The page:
More broadly, giving yourself over to what the language wants to do, not limiting yourself to your own thinking, surprising yourself with the layers of phrases and images which in turn make the poem, I think that’s the secret. It takes awhile to figure that out as a poet. The poem is smarter than you are.

In addition to trigger images like the spider, there are also images  that recur throughout For Another Writing Back. I’m thinking of the wave, for example. How did these through lines develop?

The poems in this book are strikingly personalfeaturing your husband and your sonbut they maintain a distance that gives you room to move from pinpointed, domestic moments to larger themes like the body, love, small town life, family, and more. Stephen Burt recently called the book an “avant-memoir,” which is the perfect description. How important is it that these poems draw from your life? What role does autobiography play in your writing?

EB: Through lines and through images arrive the more space I give to my writing. They are a sign to me that something’s going right. Like you say, “giving yourself over”: I have to in order for the writing to happen. I have to be sure-footed about losing my head to it.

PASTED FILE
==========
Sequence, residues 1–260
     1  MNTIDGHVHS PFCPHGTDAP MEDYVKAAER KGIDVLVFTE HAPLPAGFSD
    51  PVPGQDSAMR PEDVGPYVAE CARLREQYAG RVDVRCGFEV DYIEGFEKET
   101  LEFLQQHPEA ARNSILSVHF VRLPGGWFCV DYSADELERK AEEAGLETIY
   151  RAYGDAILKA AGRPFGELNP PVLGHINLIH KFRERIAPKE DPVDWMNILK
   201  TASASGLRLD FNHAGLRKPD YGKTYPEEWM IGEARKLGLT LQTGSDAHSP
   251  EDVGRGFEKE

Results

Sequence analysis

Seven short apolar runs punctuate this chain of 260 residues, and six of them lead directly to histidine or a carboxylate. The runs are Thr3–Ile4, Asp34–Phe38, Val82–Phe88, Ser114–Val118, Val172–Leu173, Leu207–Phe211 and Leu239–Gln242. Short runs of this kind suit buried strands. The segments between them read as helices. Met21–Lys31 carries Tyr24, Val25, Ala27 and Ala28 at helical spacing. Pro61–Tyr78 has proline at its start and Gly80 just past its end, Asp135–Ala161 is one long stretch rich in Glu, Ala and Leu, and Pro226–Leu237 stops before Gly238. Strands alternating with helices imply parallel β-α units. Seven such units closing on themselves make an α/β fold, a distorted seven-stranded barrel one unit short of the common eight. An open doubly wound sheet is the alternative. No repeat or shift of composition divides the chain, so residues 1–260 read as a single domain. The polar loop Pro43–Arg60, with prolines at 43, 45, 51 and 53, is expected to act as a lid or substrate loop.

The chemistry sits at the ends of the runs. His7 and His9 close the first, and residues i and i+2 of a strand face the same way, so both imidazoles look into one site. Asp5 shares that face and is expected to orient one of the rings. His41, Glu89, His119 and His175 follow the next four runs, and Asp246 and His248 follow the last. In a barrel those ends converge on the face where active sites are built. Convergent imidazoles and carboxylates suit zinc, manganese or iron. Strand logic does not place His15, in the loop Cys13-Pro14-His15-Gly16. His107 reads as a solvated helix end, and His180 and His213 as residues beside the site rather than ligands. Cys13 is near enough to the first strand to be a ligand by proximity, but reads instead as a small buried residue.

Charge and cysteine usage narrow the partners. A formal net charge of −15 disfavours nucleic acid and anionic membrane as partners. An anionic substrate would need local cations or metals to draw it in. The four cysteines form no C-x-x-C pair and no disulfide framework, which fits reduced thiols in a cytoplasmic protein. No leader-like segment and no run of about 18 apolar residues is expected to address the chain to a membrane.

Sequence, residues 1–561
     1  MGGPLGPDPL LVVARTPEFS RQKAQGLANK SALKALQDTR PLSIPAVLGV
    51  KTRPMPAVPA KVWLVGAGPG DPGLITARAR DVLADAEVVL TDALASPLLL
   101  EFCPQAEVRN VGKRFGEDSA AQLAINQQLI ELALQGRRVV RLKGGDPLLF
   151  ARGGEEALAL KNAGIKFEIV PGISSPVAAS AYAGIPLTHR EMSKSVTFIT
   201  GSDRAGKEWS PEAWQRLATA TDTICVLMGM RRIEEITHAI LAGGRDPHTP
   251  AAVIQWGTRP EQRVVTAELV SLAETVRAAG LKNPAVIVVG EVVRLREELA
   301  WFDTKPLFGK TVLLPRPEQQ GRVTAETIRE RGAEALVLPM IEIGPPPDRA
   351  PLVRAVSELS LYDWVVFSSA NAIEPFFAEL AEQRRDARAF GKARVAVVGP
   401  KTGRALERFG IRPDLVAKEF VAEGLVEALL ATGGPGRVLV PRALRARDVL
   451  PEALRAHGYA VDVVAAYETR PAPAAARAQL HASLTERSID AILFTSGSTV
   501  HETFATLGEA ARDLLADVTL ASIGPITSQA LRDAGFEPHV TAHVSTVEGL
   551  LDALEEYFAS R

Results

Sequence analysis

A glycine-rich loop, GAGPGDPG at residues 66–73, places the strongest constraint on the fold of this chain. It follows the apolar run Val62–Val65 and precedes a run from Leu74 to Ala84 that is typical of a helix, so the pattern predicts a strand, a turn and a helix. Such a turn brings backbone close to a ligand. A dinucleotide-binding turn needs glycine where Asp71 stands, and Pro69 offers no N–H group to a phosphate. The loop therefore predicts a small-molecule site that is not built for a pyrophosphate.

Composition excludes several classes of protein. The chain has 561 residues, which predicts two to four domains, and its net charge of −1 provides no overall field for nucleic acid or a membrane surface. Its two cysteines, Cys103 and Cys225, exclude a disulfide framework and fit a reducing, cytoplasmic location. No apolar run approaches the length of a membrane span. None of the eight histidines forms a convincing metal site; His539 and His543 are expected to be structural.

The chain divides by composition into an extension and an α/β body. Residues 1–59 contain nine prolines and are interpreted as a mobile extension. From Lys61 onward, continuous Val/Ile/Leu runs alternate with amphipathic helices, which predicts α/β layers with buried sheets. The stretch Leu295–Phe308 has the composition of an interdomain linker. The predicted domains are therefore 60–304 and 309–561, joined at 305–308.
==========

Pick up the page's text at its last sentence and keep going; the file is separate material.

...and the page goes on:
While I was writing For Another, Whitman’s noiseless patient spider kept coming up for me: how attached I am to writing and being in writing, and how sweet it is to come to terms with the same-old ways I go about it. Images shake the web. Lines from others“get crazy with the cheese whiz” or “Sadie was one of the livingest chits”shake the web. How others draw such sparklehorses and meaning out of language urges me.

It’s imperative to me that my poems speak from my life. It’s imperative that they wonder about the world without me. I need to ask questions from my own web while I’m here.

Dan Brady is is the author of two chapbooks, Cabin Fever/Fossil Record (Flying Guillotine Press, 2014) and Leroy Sequences (Horse Less Press, 2014).